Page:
Student Voice


May 27, 2024



Society fails to recognize upward mobility

May 1, 2008

Tax time has passed and, like many Americans, I’ve spent the past two months thinking about the best way to invest, save and spend my money. I’ve also spent some time thinking about the way some Americans are paid for what they do, and the absurdity of how much money some make and how little others earn.

I don’t think of myself as a socialist. I believe in a free-market economy, up to a point. Build a better mousetrap and you deserve to make a good living doing so, but make a billion dollars a year working as the CEO of the Better Mousetrap Company and something is very wrong, especially if many of the employees of the BMC are barely scraping by (i.e. feeding their families, providing reasonable health insurance and saving for the future).

Our society rewards its leaders, CEOs, chairpersons and bosses with pretty substantial financial offerings. If any one particular leader has performed in such a way as to deserve a large reward, so be it. However, have you noticed how many of these so- called “leaders” are earning exorbitant salaries and don’t deserve it?

A company loses a few billion dollars and they give the head guy or gal a hefty raise and a few million in stock options. Another company files for bankruptcy protection and they offer the CEO a golden parachute that will keep his or her feet off the ground for life. Am I missing something here?

It seems to me that in a nation that is seeing its currency falling against the rest of the world, and the word recession being used every time the word economy comes up, the market would be making some adjustments to start bringing things back down to earth.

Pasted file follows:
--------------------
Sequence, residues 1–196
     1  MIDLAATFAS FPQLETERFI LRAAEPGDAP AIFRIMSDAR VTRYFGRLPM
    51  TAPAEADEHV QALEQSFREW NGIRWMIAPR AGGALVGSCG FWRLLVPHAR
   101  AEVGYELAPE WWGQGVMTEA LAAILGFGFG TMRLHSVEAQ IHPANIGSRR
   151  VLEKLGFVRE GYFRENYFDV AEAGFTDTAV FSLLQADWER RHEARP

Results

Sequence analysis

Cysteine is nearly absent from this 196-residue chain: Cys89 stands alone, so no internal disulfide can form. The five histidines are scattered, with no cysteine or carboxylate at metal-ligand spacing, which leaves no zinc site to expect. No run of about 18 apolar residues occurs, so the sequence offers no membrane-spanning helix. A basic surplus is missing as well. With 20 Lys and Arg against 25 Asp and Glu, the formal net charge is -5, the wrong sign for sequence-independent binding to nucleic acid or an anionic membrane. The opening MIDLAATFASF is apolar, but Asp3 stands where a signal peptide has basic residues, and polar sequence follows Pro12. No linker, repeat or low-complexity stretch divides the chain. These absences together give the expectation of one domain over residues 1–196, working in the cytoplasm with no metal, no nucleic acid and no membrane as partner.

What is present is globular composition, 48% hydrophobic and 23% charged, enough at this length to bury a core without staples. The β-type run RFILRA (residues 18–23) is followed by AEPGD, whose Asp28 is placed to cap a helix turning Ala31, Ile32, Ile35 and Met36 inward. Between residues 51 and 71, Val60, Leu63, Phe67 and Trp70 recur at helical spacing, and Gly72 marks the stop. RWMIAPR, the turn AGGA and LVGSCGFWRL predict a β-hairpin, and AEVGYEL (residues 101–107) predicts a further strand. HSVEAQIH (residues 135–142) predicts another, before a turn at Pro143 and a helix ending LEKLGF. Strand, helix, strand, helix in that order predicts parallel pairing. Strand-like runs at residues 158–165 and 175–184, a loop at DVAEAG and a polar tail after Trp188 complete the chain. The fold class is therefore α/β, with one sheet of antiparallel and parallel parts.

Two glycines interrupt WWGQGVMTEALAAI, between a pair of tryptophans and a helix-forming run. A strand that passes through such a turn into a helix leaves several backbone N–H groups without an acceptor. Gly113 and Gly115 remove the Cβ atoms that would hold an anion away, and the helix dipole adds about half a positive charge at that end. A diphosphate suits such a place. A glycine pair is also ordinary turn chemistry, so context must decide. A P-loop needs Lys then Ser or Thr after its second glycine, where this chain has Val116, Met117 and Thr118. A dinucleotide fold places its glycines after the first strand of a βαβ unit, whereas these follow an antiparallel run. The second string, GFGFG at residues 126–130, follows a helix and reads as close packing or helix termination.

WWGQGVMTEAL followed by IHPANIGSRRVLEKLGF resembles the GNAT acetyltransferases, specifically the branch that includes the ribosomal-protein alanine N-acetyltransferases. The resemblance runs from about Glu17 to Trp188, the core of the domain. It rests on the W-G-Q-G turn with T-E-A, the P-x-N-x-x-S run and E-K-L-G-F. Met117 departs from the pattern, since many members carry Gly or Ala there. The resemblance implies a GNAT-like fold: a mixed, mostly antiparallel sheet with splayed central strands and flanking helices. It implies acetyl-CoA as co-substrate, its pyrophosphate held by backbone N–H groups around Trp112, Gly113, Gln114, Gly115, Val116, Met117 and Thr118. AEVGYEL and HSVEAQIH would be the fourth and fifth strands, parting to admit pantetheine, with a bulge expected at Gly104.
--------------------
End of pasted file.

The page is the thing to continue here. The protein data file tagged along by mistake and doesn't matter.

I have a problem with people making more money than they could possibly need or spend in a lifetime. As Bud Fox asked Gordon Gekko in “Wall Street,” “how many yachts can you water ski behind?”

A company paying any employee (and that is what these financial whiz kids are) more than a few million a year is not really thinking about the big picture, and certainly not concerned with the customer. A $400 million a year salary is so out of the realm of sanity it staggers the mind. Can you imagine how much could be done for the lowest earning employees of a corporation with even half that much money?

Again, I reiterate that I honestly feel that a people who do such a super job that they have made a huge difference in how a company performs deserves to be rewarded.

Restructure the company administration, get the budget under control, bring in a solid fiscal year profit, get a couple of hundred grand reward! Help create a high demand new product, come up with a fantastic marketing campaign and get two weeks in the south of France!

Those sound very reasonable to me, but there are some who would read that and laugh their heads off as they sip their Cristal and munch on their beluga caviar. It is to these spoiled, nose in the air, pampered and completely out of touch people that I say “Take a look at the big picture, clown!”

Start saving now, students; it doesn’t look like it’s going to get much better anytime soon!

Bill Henderson is the head coach of swimming and diving at UWRF and serves as the athletic department’s equipment manager. He received his bachelor’s degree in journalism and his master’s in physical education from Sacramento State in California.